Open Access Highly Accessed Research article

Elevated AKR1C3 expression promotes prostate cancer cell survival and prostate cell-mediated endothelial cell tube formation: implications for prostate cancer progressioan

Mikhail G Dozmorov1, Joseph T Azzarello23, Jonathan D Wren1, Kar-Ming Fung245, Qing Yang2, Jeffrey S Davis2, Robert E Hurst26, Daniel J Culkin2, Trevor M Penning7 and Hsueh-Kung Lin135*

  • * Corresponding author: Hsueh-Kung Lin

  • † Equal contributors

Author Affiliations

1 Arthritis & Clinical Immunology Program, Oklahoma Medical Research Foundation, 825 N.E. 13th Street, Oklahoma City, Oklahoma 73104, USA

2 Department of Urology, University of Oklahoma Health Sciences Center, Oklahoma City, OK 73104, USA

3 Department of Physiology, University of Oklahoma Health Sciences Center, Oklahoma City, OK 73104, USA

4 Department of Pathology, University of Oklahoma Health Sciences Center, Oklahoma City, OK 73104, USA

5 Oklahoma City Department of Veterans Affairs Medical Center, Oklahoma City, OK 73104, USA

6 Department of Biochemistry and Molecular Biology, University of Oklahoma Health Sciences Center, Oklahoma City, OK 73104, USA

7 Center of Excellence in Environmental Toxicology, Department of Pharmacology, University of Pennsylvania School of Medicine, Philadelphia, PA 19104, USA

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BMC Cancer 2010, 10:672  doi:10.1186/1471-2407-10-672

Published: 6 December 2010



Aldo-keto reductase (AKR) 1C family member 3 (AKR1C3), one of four identified human AKR1C enzymes, catalyzes steroid, prostaglandin, and xenobiotic metabolism. In the prostate, AKR1C3 is up-regulated in localized and advanced prostate adenocarcinoma, and is associated with prostate cancer (PCa) aggressiveness. Here we propose a novel pathological function of AKR1C3 in tumor angiogenesis and its potential role in promoting PCa progression.


To recapitulate elevated AKR1C3 expression in cancerous prostate, the human PCa PC-3 cell line was stably transfected with an AKR1C3 expression construct to establish PC3-AKR1C3 transfectants. Microarray and bioinformatics analysis were performed to identify AKR1C3-mediated pathways of activation and their potential biological consequences in PC-3 cells. Western blot analysis, reverse transcription-polymerase chain reaction (RT-PCR), enzyme-linked immunosorbent assay (ELISA), and an in vitro Matrigel angiogenesis assays were applied to validate the pro-angiogenic activity of PC3-AKR1C3 transfectants identified by bioinformatics analysis.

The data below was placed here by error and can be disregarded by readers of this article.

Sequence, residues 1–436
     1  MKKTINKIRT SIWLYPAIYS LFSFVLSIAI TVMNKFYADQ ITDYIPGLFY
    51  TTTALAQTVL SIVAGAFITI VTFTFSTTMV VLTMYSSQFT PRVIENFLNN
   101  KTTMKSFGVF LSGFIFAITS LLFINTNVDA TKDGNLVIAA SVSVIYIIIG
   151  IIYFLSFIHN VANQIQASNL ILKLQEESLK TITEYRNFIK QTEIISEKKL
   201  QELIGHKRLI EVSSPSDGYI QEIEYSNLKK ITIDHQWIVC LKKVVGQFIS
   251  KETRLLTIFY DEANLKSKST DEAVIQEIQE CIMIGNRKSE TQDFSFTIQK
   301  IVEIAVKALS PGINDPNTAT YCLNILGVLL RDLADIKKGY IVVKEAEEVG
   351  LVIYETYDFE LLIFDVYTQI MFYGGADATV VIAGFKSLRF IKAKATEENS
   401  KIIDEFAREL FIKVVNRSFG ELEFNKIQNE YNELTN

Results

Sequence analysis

Microarray and bioinformatics analysis suggested that overexpression of AKR1C3 in PC-3 cells modulates estrogen and androgen metabolism, activates insulin-like growth factor (IGF)-1 and Akt signaling pathways, as well as promotes tumor angiogenesis and aggressiveness. Levels of IGF-1 receptor (IGF-1R) and Akt activation as well as vascular endothelial growth factor (VEGF) expression and secretion were significantly elevated in PC3-AKR1C3 transfectants in comparison to PC3-mock transfectants. PC3-AKR1C3 transfectants also promoted endothelial cell (EC) tube formation on Matrigel as compared to the AKR1C3-negative parental PC-3 cells and PC3-mock transfectants. Pre-treatment of PC3-AKR1C3 transfectants with a selective IGF-1R kinase inhibitor (AG1024) or a non-selective phosphoinositide 3-kinases (PI3K) inhibitor (LY294002) abolished ability of the cells to promote EC tube formation.


Bioinformatics analysis followed by functional genomics demonstrated that AKR1C3 overexpression promotes angiogenesis and aggressiveness of PC-3 cells. These results also suggest that AKR1C3-mediated tumor angiogenesis is regulated by estrogen and androgen metabolism with subsequent IGF-1R and Akt activation followed by VEGF expression in PCa cells.